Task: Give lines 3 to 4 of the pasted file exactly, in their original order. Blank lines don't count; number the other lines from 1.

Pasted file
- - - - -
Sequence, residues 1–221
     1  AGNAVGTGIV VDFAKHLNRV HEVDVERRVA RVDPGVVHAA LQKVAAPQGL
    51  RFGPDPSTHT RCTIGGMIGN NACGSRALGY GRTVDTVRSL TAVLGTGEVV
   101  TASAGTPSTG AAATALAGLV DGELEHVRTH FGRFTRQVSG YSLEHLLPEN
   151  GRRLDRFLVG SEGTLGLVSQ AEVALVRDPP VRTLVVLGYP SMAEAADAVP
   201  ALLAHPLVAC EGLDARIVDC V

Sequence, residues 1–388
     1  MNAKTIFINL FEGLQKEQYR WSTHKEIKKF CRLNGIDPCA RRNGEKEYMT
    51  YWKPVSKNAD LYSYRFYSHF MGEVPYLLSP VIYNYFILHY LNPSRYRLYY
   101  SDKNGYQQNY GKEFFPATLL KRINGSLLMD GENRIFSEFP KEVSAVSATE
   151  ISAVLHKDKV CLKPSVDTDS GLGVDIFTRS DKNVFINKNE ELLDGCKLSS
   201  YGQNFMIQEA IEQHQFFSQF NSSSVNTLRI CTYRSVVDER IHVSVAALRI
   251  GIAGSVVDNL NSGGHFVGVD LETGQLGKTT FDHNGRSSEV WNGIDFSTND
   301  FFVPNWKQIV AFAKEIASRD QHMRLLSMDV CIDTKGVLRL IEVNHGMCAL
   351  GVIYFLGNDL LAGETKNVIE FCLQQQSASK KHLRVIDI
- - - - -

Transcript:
    51  RFGPDPSTHT RCTIGGMIGN NACGSRALGY GRTVDTVRSL TAVLGTGEVV
   101  TASAGTPSTG AAATALAGLV DGELEHVRTH FGRFTRQVSG YSLEHLLPEN